Right, you would never guess this place exists. 99 percent of Delhites would not know of it either. And it is right behind the city’s most famous landmark, the Qutab Minar.
If you mention Jamali Kamali, it may ring a bell for a few people – that’s what the 200 acre Mehrauli Archaeological Park was referred to earlier. Why? You will know as we walk 700 years of history, one step at a time.
Interestingly, Mehrauli has been the only part of Delhi to have always been inhabited since the time Anang Pal ruled from Lal Kot in the 11th century even when various rulers created their own cities (known as the seven cities of Delhi).
This post has been taken from Delhi 101, a book written by Ajay Jain. It is about 101 surprising ways to discover Delhi, one of the most amazing cities in the world for travelers. To know more about the book and to order one, click here.
The entry to the tomb of 13th century powerful ruler Sultan Ghiyas-ud-din Balban is marked by a gate built in A.D. 1286. Its significance stems from it being the first surviving structure with a true dome and arches – even though the dome looks pyramidal. Balban belonged to the slave dynasty, who ruled for about 20 years. His son, Khan Shahid who died fighting the Mongols even before being crowned, is also buried here. People offer incense on his grave, leaving a lingering aroma in the air.
Structures that look like houses overlooking a central courtyard suggest there may have been a bustling settlement in the 16th-17th centuries A.D. but there is as yet no historical account to support this assumption. Some of the structures are double-storeyed, with holes for timber beams to make the roof.
And to imagine that all of these were passed off as rubble until excavated around 2001.
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A prominent structure here is the mosque and tomb of Jamali Kamali. The area today is known more as a picnic spot by this name. Shaikh Fazlullah, also known as Jalal Khan or Jamali, was a saint, traveller and poet who lived between the times of the second ruler of the Afghan Lodi Dynasty, Sikandar Lodi who reigned over Sultanate of Delhi from 1489 to 1517 and Mughal emperor Humayun.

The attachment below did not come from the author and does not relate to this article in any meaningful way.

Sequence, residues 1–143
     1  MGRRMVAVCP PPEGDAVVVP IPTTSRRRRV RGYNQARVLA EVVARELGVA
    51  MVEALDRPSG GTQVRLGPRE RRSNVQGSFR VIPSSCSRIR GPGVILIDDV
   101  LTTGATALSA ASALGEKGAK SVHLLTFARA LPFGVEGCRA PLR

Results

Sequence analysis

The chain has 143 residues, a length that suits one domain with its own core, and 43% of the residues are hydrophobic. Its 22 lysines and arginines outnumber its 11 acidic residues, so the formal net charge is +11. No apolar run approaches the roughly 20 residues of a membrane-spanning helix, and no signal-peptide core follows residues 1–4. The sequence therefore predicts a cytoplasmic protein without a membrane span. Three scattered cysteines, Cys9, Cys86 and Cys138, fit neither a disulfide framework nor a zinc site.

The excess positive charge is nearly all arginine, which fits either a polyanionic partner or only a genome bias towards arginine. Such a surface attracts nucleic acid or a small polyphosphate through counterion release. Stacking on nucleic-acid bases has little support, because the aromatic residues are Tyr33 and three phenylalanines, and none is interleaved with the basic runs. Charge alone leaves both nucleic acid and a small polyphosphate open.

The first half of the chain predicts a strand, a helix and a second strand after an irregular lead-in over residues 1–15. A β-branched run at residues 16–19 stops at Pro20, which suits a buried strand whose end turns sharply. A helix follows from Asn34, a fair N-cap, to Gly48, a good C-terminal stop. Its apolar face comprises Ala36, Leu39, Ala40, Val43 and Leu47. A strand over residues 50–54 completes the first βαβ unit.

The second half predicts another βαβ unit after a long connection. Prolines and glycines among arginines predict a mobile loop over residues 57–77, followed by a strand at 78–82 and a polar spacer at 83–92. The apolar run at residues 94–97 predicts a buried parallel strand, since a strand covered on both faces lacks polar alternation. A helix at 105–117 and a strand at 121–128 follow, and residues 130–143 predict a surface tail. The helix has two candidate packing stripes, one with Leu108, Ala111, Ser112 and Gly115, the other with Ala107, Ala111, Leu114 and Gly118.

Work on the mosque commenced around 1528 but was completed during Humayun’s time. The tomb was built in 1528 and houses the graves of Jamali and Kamali. The identity of the latter is unknown. He could have been Jamali’s servant or companion.
The tomb is often locked but look out for the watchman who will let you in – with shoes off. The tomb compound has a canopy too. It is a Hindu structure and may have been put up independently at some stage.
A SIGN AT JAMALI KAMALI READS
‘Some of the noteworthy features of this elegant mosque are fluted pilasters flanking the central arch, carved bands and medallions in the spandrels and pendant lotus buds below the parapet which decorate the façade of the prayer hall, pierced by five arched openings. The west wall with octagonal towers at the corners has a narrow gallery running round the mosque on the second floor with three oriel windows. The flat roofed tomb in the adjoining enclosure to the north is unique for its ornamentation with coloured tiles and patterns in incised and painted plaster bearing an inscription composed by Jamali himself.’
THOMAS METCALFE’S CANOPY AND HOUSE
Thomas Metcalfe, younger brother of Sir Charles Metcalfe (Resident of Delhi in the 19th century and provisional Governor General of India in 1835) took a fancy to Mehrauli and went about making it his weekend getaway.
He built a new canopy, called his ‘folly’ as it was made to look old to blend with the existing buildings. (A sign here wrongly mentions it being built by Charles). He dug a lake for boating, and a kabootar khana (pigeon house) was converted into a boat house.
He converted the tomb of Mohammad Quli Khan, brother of Akbar’s noble Adham Khan, into a residence for himself. He made extensions and quarters for servants and rooms for guests. For some reasons, the latter were usually given to honeymooning couples. But the grave was not touched nor was the burial chamber used. Do climb on to the terrace for views of the surroundings including the Qutab Minar.
He called the estate Dilkhusha meaning something that delights the heart. Wonder if any bored spooks came calling for a drink at night?
RAJON KI BAOLI (STEPWELL)
The area had a three-storey stepwell called Rajon ki Baoli built in 1506. In this case Raj does not refer to royalty or kings but to masons who used it. It is also called Sukhi Baoli meaning dry. There is an unmarked grave in an enclosure next to it which was used for social gatherings and as a mosque.
Travel Tip: Wear a sturdy pair of walking shoes, carry a bottle of water and some sun protection gear, and avoid wearing short pants if you don’t want to be ravaged by the occasional insect.
METRO: Qutab Minar
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